Following a long period of imposed seclusion, it stands to reason that consumers, once legally allowed, will waste no time in popping on their glad rags and heading out to enjoy a good time.
Or, at least, this is the horse that L’Oréal is backing, if recent comments by outgoing Chief Executive Jean-Paul Agon are anything to go by.
In February, at the group’s investor conference, Agon predicted a new ‘roaring 20s’ era and a ‘fiesta’ for beauty, following on from Covid-19 lockdowns and depressed sales of colour cosmetics and fragrances.
“People will be happy to go out again to socialise,” said Agon. “This will be like the roaring 20s; there will be a fiesta in make-up and in fragrances. Putting on lipstick again will be a symbol of returning to life.”
But how viable are Agon’s predictions? Certainly, the 20th century’s roaring 20s were preceded by not just the 1918 Spanish influenza outbreak, which is believed to have killed around 50 million people globally, but also World War I, responsible for 20 million more fatalities over four years.
“History has taught us that after the last pandemic, people were keen to be out together, partying, celebrating,” says Jenni Middleton, Director of Beauty at trends forecasting firm WGSN.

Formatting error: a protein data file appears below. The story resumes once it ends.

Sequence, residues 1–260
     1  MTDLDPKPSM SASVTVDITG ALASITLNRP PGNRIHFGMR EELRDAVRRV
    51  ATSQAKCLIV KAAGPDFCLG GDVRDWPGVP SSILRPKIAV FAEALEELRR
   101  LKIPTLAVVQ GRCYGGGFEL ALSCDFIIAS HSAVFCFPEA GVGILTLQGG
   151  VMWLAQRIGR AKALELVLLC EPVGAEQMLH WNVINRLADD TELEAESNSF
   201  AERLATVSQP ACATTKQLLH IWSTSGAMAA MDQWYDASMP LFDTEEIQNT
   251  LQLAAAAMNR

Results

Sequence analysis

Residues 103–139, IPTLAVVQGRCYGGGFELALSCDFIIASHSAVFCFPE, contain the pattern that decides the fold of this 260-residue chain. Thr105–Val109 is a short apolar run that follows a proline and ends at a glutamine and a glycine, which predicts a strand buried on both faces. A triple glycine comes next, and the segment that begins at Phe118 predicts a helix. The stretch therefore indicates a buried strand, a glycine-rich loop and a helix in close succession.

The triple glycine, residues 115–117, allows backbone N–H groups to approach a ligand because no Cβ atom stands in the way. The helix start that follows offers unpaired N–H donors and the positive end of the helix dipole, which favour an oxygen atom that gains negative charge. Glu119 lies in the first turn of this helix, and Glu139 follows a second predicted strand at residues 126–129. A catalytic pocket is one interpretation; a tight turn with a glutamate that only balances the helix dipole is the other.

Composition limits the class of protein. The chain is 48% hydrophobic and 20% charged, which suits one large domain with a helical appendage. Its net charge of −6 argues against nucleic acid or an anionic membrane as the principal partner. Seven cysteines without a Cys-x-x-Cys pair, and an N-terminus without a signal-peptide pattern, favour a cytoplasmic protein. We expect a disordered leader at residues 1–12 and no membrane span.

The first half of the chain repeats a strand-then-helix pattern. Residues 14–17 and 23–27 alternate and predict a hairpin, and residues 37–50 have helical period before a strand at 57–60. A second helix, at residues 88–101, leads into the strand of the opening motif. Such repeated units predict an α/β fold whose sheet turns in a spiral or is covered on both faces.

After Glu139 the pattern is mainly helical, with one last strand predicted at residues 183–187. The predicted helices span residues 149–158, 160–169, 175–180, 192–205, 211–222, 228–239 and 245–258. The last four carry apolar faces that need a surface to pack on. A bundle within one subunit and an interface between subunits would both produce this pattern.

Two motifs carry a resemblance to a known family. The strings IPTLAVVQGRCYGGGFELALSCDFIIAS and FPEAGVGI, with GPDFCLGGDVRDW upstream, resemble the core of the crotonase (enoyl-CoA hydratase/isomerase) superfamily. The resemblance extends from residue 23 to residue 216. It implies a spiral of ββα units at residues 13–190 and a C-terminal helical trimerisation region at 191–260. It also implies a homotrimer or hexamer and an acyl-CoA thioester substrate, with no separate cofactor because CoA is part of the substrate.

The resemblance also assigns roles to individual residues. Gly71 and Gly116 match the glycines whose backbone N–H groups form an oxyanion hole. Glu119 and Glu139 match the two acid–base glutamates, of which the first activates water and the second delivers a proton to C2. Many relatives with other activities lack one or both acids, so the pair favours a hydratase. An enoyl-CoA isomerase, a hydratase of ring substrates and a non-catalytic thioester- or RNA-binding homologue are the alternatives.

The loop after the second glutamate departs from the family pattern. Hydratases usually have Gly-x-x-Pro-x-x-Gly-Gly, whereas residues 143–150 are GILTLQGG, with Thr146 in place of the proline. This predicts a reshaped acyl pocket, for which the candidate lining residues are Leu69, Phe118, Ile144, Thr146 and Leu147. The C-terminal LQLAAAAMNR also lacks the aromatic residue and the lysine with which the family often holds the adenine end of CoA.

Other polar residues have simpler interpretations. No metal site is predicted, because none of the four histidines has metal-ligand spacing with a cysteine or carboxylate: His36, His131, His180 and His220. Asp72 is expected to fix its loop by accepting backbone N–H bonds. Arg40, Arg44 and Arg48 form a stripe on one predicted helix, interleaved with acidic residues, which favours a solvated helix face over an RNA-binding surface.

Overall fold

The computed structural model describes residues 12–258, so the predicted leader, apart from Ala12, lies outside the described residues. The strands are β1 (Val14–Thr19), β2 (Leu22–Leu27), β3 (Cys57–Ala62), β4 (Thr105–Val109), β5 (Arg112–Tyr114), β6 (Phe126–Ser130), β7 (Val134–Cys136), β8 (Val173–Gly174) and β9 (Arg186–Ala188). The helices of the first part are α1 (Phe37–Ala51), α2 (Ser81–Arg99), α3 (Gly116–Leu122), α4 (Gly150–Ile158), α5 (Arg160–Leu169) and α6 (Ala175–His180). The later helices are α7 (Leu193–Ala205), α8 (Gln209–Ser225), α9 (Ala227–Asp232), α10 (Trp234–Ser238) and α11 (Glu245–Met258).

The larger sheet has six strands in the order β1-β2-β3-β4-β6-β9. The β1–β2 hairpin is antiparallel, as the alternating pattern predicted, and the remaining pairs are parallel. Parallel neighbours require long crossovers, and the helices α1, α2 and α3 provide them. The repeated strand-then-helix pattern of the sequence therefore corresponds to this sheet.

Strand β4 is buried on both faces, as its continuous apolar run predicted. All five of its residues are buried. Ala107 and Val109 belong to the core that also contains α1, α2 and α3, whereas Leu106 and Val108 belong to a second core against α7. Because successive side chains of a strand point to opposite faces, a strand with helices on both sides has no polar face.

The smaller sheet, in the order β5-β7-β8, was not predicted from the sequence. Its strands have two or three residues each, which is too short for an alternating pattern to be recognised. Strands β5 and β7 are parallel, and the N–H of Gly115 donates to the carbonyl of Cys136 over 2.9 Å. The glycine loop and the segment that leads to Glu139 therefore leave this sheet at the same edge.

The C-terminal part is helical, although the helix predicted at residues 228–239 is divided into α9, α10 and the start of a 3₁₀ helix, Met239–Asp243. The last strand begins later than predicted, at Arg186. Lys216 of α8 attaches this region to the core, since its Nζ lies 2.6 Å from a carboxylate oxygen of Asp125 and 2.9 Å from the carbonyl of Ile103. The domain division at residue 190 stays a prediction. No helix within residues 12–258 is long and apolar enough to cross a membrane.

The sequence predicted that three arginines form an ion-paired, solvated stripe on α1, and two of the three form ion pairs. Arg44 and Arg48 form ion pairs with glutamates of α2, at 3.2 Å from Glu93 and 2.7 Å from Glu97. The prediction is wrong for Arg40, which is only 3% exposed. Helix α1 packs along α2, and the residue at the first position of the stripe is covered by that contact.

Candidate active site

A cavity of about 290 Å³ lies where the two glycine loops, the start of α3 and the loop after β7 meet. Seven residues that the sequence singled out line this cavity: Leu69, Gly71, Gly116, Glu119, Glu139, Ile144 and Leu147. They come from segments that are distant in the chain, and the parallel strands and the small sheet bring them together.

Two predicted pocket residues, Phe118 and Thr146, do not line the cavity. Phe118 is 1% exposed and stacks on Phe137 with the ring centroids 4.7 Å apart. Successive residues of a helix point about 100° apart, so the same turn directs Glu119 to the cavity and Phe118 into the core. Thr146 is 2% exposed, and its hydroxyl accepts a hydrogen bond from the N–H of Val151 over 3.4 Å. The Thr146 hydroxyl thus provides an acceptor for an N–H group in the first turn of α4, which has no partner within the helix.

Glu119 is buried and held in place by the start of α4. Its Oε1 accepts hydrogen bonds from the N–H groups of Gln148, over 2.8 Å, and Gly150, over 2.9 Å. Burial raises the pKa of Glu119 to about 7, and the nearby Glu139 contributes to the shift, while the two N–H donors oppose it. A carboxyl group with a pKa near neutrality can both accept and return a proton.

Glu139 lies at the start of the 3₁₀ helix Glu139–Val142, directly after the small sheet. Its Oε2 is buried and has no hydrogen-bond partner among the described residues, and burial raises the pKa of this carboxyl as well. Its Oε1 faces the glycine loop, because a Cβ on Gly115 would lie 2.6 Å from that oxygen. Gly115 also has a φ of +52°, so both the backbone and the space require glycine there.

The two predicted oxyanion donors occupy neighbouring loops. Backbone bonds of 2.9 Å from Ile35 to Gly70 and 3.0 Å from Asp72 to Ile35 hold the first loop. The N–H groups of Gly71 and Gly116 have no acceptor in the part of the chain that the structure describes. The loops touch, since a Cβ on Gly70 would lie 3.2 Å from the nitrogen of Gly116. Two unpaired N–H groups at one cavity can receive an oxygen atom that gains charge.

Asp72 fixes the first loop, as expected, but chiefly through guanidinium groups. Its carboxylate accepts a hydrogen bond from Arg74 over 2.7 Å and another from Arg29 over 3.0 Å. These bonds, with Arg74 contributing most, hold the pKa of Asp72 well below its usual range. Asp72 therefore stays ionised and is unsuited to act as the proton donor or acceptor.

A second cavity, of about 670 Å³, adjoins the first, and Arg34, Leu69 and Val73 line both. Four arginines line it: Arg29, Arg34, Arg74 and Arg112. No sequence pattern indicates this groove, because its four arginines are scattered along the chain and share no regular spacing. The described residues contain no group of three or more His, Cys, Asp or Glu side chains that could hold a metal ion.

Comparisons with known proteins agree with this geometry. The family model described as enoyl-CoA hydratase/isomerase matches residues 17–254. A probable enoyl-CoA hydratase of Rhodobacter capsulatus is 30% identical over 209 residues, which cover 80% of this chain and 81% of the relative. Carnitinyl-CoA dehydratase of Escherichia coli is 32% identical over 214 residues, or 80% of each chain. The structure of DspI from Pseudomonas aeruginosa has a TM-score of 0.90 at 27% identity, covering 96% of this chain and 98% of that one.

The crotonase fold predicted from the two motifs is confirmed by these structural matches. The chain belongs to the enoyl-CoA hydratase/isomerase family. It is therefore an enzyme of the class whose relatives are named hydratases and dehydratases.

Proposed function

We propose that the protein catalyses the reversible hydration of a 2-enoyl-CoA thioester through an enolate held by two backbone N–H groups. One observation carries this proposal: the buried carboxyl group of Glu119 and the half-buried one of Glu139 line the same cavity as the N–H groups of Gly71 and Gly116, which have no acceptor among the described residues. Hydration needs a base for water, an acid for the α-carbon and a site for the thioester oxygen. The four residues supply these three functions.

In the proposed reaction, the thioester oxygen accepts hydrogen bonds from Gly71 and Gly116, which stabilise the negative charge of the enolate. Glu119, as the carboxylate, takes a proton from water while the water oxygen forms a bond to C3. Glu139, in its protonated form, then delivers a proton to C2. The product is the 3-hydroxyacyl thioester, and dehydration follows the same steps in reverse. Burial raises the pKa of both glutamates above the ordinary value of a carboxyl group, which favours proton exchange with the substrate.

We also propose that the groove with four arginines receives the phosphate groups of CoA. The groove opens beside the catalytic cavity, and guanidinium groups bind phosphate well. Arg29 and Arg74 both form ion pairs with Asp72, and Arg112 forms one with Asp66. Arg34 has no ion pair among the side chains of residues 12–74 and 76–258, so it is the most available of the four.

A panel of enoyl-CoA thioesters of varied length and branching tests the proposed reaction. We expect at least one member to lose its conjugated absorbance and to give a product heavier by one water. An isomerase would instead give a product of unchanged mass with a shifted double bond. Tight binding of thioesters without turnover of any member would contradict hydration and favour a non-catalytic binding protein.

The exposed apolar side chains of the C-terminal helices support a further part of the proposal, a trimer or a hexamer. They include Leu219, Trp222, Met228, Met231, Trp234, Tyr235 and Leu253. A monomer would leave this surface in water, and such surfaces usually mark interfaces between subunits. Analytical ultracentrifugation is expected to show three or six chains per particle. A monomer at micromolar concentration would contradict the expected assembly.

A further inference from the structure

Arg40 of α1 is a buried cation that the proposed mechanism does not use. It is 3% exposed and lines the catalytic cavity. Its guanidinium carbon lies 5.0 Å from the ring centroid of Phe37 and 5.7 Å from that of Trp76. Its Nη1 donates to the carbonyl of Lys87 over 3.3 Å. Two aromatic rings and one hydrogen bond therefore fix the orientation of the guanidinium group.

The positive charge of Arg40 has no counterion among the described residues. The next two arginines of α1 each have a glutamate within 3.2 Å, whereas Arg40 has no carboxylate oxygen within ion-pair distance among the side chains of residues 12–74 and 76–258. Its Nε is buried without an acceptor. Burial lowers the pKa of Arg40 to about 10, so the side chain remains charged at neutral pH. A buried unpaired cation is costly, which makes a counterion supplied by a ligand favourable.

“It was a brilliant time for fashion and beauty, and we’ve seen this after economic crises, downturns and difficult periods in history.
“We expect to see the same again. After an unprecedented period of upheaval and change – and indeed turmoil – consumers will want to party, to escape into fantasy and look their best.”
One well-known cosmetic historian tells Cosmetics Business that the glamour period synonymous with 1930s’ Hollywood and make-up artist Max Factor likewise followed a disaster, in this case the 1929 crash, while the Dior New Look of the 1950s followed the disaster of World War II and the fashion excesses of the 1980s was a bounce back from the oil crisis of the 1970s.
Going to extremes
So, what will this decade’s bounce back look like when it comes to beauty?